André Lowe, Senior Staff Reporter
Rainford Wilks, long-time friend and chairman of the Gibson Relays Committee, is expecting the February 23 relay carnival, set for the National Stadium, to be staged in honour of its pioneer, Neville 'Teddy' McCook, who passed away on Monday.
McCook, who served as chairman for 40 years, has overseen the growth and development of the one-day event into one of the most respected meets of its kind, and Wilks, who took over the reins last year, believes it would be a fitting tribute to the highly regarded administrator.
"It comes to mind readily, and I speak without discussing it with the committee, but there is clear anticipation that there is unlikely to be any disagreement that we will dedicate these Gibson Relays, which are due in less than two weeks' time, to him and his memory," said Wilks.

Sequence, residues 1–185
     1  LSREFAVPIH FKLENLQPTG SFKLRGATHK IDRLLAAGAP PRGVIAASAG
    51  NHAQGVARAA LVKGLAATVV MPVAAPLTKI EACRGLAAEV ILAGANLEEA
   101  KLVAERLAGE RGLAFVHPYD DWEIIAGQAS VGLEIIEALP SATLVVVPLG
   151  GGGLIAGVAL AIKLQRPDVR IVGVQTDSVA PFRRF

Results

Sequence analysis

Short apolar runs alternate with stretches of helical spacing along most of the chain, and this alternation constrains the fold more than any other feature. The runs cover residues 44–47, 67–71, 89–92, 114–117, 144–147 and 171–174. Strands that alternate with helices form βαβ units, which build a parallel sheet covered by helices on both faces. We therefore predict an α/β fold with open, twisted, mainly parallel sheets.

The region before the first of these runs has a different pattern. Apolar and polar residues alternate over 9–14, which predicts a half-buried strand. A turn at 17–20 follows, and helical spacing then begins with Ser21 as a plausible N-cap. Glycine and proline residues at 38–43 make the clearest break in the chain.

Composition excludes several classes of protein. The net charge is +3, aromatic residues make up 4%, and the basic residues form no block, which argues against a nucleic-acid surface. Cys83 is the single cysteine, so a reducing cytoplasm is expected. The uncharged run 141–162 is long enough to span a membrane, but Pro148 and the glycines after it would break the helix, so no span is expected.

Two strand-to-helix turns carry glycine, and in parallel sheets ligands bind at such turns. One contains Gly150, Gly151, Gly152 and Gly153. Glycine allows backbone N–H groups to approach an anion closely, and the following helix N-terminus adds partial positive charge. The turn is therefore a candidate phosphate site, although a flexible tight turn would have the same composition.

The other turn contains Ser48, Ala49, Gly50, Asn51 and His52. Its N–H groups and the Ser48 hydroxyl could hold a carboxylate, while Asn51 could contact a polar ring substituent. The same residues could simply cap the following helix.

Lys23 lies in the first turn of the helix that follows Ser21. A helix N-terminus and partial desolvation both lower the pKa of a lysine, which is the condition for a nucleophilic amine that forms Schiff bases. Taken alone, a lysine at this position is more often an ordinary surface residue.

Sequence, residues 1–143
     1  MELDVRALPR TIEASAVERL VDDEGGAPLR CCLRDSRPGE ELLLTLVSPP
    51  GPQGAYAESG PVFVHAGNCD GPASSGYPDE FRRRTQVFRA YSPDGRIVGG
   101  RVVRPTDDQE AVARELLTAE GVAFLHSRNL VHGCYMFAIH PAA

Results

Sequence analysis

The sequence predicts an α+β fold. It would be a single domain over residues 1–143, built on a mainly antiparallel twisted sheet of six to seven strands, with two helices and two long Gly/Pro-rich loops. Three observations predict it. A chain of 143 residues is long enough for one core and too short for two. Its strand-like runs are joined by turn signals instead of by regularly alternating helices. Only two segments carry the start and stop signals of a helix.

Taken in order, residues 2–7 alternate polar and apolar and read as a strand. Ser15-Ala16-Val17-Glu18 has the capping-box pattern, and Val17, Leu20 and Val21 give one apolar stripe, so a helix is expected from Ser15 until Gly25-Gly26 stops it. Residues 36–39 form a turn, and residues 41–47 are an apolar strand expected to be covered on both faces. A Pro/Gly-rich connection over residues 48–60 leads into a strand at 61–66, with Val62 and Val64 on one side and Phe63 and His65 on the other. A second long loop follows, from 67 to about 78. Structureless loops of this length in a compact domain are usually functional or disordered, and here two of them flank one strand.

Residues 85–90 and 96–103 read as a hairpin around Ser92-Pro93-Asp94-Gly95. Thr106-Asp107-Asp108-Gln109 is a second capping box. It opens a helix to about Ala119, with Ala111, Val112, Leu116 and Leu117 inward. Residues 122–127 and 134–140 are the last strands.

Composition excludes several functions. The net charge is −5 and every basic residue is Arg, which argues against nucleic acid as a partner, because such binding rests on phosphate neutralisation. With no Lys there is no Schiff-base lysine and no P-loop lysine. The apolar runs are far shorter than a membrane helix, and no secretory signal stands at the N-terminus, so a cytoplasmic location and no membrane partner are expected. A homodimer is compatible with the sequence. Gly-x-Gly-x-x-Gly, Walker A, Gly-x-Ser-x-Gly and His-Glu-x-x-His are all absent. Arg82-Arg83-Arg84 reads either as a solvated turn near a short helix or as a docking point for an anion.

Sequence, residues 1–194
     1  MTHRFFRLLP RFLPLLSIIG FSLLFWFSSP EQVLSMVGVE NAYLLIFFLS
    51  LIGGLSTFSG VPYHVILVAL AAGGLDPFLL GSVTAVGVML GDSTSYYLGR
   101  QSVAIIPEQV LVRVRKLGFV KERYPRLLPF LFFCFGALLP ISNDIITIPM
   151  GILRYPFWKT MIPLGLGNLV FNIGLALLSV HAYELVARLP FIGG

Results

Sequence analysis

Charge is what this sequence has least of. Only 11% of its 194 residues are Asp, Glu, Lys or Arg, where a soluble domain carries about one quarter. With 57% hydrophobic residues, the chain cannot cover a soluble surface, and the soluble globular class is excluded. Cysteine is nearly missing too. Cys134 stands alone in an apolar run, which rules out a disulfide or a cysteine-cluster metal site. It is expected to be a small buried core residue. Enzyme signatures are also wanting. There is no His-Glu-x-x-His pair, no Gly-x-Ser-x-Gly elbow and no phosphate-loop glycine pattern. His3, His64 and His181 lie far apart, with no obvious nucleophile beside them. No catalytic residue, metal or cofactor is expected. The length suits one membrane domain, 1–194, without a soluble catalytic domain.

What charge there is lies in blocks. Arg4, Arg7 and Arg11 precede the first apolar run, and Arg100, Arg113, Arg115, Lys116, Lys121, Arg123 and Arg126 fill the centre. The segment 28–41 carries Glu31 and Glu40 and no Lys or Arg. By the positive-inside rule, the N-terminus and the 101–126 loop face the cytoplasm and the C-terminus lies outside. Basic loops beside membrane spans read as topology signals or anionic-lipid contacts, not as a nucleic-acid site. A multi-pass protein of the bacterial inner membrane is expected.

"Anything else, we will have to await any discussion with his family and it's not an appropriate time to raise that matter just yet, but I think we will definitely stage the Gibson Relays in his memory," Wilks added, before speaking of his relationship with the former North America, Central America and Caribbean president and IAAF Council member.
"It's a difficult time for us, for me and for everyone on the Gibson Relays team and for people like myself, who grew up at Kingston College (KC) under his influence. I have known him since he became an old boy and I was in the track and field circles," Wilks shared.
"I grew up under him, so to speak, to the point where I succeeded him on the Gibson Relays committee. I am really going to miss him," he added. "I have seen him struggle in the last six months, in particular with his illness. I knew he deteriorated badly over the weekend and it has turned out to be the last battle.
"On behalf of myself and my family and, of course, the Gibson Relays family, I would like to pay the highest tribute to his contribution to track and field and sports administration in general," Wilks added.
McCook was a leading figure behind the Gibson Relays, which itself was created in memory of Bishop Percival Gibson, the first principal of KC.